Abortion-Parental Notification Battle Returns to Illinois Court

State   |   Steven Ertelt   |   Sep 21, 2012   |   3:27PM   |   Springfield, IL

Yesterday, Thomas More Society’s special counsel Paul Benjamin Linton argued before the Illinois Supreme Court. The pro-life legal group is seeking to intervene in a lawsuit brought by the Illinois ACLU in an attempt to declare the Illinois Parental Notice of Abortion Act of 1995 unconstitutional.

The ACLU brings claims that the law is a violation of the Illinois State Constitution of 1970, even though the Act was upheld as constitutional after a lengthy federal litigation that concluded three years ago. Linton petitioned the high court to reverse rulings by the trial court in Cook County affirmed by the Illinois Appellate Court for the First District, holding that downstate county prosecutors would not be permitted to intervene in the lawsuit, which is being defended by the Illinois Attorney General’s office.

Linton is arguing on behalf of Stewart Umholtz of Tazewell County and Edward Deters of Effingham County, a Republican and Democrat, respectively, that the very premise of the ACLU’s lawsuit — that the Illinois Constitution protects a right to abortion that is stronger than the federal abortion right recognized in Roe v. Wade — is patently false.

Indeed, the county prosecutors maintain that there is no abortion right whatsoever prescribed by the Illinois Constitution, let alone one stronger than the federal right, and therefore the ACLU lawsuit must be dismissed.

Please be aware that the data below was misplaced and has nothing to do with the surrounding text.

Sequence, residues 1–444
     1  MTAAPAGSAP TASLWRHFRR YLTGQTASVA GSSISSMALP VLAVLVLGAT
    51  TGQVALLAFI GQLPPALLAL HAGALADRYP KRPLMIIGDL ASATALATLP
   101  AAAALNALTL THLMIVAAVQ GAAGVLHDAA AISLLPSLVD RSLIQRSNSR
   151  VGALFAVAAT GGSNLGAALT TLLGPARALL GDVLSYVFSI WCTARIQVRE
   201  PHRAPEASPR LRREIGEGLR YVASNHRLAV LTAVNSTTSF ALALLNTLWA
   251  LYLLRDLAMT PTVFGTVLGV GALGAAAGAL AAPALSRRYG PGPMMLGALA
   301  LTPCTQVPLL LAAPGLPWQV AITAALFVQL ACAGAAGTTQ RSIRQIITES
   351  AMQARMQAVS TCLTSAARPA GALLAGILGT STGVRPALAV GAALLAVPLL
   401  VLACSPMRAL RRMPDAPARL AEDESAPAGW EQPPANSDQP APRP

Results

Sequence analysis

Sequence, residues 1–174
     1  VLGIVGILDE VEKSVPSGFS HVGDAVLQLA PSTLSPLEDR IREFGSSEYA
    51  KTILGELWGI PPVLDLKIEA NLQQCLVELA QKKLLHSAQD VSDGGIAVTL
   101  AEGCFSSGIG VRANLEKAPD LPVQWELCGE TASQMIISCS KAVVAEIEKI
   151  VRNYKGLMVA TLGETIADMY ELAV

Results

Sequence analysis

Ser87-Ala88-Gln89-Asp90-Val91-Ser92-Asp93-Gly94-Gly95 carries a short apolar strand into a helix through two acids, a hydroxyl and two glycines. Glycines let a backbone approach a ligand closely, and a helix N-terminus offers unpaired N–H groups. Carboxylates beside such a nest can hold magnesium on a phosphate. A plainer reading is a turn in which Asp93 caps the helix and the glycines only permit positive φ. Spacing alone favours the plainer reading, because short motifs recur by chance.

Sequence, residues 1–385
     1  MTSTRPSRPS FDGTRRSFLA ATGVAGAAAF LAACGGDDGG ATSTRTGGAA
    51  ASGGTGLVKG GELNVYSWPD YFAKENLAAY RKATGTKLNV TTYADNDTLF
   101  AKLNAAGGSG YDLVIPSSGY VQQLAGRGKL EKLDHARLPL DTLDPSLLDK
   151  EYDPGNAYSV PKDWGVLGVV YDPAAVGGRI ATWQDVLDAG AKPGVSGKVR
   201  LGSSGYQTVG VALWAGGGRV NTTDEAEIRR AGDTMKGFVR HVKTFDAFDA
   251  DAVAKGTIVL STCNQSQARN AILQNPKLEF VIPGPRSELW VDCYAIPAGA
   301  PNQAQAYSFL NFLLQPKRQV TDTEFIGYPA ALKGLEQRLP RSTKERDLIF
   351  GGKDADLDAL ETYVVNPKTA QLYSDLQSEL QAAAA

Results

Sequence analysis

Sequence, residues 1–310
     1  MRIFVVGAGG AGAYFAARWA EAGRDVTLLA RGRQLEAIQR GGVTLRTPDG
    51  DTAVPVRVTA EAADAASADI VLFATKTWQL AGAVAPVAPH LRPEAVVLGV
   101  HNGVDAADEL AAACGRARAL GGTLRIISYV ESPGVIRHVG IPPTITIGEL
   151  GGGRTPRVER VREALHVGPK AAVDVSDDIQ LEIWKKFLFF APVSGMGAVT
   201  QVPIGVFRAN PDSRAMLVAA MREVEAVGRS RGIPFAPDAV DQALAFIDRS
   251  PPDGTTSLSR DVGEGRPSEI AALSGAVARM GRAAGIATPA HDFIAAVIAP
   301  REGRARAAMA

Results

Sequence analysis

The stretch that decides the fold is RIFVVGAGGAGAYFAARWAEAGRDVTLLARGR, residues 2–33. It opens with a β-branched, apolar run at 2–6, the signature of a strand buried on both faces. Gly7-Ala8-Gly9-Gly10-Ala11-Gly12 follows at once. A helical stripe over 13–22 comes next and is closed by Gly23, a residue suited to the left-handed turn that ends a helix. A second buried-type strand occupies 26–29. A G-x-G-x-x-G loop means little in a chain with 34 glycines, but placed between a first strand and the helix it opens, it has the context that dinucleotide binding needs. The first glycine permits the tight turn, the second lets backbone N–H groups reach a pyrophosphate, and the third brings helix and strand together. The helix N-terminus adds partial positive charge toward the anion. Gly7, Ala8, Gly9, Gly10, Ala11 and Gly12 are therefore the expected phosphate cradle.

The Cook County trial court had dismissed ACLU’s case on the ground that an Illinois abortion right was no stronger than the federal right, and thus the federal court upheld the parental notice law that was dispositive of the state court lawsuit. The Appellate Court, however, reversed and remanded the lawsuit for further proceedings on the merits of ACLU’s claim.

Both the Attorney General’s office and the Thomas More Society and Linton, acting on behalf of the downstate prosecutors, then sought leave to appeal to the Illinois Supreme Court, and the high Court allowed both petitions. Linton argues that the Illinois Attorney General has been an inadequate representative of the prosecutors’ interests in that she declines to argue the strongest point of the defense, namely, that there is no abortion right at all under the Illinois Constitution, given the record of proceedings before the Constitutional Convention in which the delegates voted to leave the issue for legislative determination.